to be useful. One should simply acknowledge that our typical understanding of others is contextual and

realize that empathy, properly understood, is not a question of feelingly projecting oneself into the other, but

rather an ability to experience behavior as expressive of mind, i.e., an ability to access the life of the mind of

others in their expressive behavior and meaningful action.

As for the second question, Sartre subsequently voiced the following criticism of Heideggers

approach. To downplay or ignore the face-to-face encounter and to emphasize the extent to which our

everyday being-with-one-another is characterized by anonymity and substitutability as Heidegger puts it,

the others are those among whom one is, but from whom one mostly does not distinguish oneself

(Heidegger 1996: 111) is according to Sartre to lose sight of the real issue and nexus of intersubjectivity:

the encounter and confrontation with a radical otherness. Sartres highlighting of the alterity and

transcendence of the other was subsequently radicalized by Levinas who argued that an authentic encounter

with the other is an encounter with an ineffable exteriority. It is an encounter that is not conditioned by

anything in my power, but which has the character of a visitation, an epiphany, or a revelation. In a

characteristic move, Levinas argued that the authentic encounter with the other, rather than being perceptual

or epistemic, is ethical in nature (Levinas 1969: 43).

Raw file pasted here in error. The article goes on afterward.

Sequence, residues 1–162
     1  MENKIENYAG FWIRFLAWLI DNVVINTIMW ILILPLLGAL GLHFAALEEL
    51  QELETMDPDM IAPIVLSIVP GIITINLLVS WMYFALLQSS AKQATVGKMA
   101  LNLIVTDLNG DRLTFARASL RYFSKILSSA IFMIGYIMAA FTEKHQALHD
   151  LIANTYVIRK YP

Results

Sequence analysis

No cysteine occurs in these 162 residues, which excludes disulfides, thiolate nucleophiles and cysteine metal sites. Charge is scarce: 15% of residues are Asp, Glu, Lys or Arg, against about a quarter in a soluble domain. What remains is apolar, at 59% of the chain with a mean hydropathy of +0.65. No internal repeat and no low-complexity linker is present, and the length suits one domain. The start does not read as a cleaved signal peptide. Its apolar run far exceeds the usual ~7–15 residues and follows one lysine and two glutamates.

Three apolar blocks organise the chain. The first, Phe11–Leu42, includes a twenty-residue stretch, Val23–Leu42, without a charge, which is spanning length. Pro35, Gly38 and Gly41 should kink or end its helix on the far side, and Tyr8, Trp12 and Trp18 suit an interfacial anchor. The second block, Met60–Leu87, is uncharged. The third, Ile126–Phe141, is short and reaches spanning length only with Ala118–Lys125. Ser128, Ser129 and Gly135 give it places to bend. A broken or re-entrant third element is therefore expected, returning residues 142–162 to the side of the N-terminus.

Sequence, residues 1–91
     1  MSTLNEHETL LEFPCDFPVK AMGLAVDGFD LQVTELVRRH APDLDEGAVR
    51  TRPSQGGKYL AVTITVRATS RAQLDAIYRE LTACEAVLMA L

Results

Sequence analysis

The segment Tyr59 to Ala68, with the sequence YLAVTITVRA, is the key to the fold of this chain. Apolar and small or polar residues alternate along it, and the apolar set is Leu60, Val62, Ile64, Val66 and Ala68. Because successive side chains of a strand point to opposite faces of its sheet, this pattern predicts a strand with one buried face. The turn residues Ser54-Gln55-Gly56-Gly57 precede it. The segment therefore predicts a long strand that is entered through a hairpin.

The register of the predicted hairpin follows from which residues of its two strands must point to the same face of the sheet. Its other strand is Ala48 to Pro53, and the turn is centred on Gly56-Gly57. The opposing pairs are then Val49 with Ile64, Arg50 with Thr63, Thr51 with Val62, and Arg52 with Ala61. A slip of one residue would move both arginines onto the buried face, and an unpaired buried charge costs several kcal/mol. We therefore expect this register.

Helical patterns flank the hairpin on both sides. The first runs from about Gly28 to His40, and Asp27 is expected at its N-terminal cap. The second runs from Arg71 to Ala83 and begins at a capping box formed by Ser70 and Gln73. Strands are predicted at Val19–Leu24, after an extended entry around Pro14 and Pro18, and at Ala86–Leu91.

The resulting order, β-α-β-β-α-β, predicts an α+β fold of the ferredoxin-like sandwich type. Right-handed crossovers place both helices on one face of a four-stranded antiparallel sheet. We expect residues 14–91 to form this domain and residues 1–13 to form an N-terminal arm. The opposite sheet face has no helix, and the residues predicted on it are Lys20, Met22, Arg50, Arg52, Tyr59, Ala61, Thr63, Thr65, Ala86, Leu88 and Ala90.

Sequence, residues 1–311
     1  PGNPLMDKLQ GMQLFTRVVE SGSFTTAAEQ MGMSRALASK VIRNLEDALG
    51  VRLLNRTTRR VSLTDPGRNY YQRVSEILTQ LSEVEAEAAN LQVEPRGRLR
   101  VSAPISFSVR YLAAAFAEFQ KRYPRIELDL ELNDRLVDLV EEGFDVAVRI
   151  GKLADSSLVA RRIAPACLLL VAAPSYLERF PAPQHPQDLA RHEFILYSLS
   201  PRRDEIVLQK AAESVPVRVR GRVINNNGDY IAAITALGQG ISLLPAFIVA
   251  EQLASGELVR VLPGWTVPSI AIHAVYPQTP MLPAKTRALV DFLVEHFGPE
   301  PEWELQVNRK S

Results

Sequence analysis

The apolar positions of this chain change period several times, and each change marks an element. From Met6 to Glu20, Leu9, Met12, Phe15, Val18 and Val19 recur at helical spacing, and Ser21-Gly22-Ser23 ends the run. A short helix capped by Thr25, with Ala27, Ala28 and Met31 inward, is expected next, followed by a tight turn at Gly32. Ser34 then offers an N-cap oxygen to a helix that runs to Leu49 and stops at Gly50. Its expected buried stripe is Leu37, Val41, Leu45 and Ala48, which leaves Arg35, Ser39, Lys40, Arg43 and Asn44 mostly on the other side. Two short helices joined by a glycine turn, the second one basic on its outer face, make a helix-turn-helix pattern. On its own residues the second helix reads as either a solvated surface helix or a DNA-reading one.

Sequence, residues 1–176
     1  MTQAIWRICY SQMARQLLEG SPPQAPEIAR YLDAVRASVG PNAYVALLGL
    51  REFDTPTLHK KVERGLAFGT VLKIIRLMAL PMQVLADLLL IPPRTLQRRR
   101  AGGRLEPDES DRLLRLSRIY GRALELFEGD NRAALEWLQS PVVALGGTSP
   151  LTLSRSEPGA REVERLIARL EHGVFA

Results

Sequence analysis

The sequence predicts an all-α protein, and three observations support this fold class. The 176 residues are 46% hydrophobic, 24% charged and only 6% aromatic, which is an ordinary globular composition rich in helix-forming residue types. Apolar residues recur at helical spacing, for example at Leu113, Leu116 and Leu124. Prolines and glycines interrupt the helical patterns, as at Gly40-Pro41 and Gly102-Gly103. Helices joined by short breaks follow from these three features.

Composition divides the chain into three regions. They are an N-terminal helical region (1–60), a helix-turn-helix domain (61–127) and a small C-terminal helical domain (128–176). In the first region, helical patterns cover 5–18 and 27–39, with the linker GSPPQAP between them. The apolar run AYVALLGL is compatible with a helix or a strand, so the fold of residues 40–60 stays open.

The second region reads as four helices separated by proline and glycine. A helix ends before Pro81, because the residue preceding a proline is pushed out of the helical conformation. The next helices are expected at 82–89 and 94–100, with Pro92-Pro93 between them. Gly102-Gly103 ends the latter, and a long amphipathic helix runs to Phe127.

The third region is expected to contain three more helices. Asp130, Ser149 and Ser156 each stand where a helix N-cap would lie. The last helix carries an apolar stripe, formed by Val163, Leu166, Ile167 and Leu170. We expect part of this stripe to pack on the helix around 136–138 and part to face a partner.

For both Levinas and Sartre, an account of intersubjectivity will fail if it tries to eliminate the

difference between self and other. To some extent, this is also a criticism that would affect Merleau-Ponty.

After all, in The Childs Relations with Others, Merleau-Ponty writes that the perception of others only

becomes comprehensible if one assumes that there is an initial state of undifferentiation, and that the

beginning of psychogenesis is precisely a state where the child is unaware of itself and the other as different

beings. In this first phase, there is, on Merleau-Pontys view, consequently not one individual over against

another, but rather an anonymous collectivity, an undifferentiated group life (Merleau-Ponty 1964b: 119). In

short, some have claimed that the only way to solve the problem of intersubjectivity and avoid a threatening

solipsism is by conceiving of the difference between self and other as a founded and derived difference, a

difference arising out of an undifferentiated anonymous life. However, for other phenomenologists (including

Husserl, Sartre and Levinas) this solution doesnt solve the problem of intersubjectivity, it rather dissolves it.

To speak of a fundamental anonymity prior to any distinction between self and other obscures that which has

to be clarified, namely intersubjectivity understood as the relation between subjectivities. On the level of this

fundamental anonymity there is neither individuation nor selfhood, but nor is there any differentiation, alterity,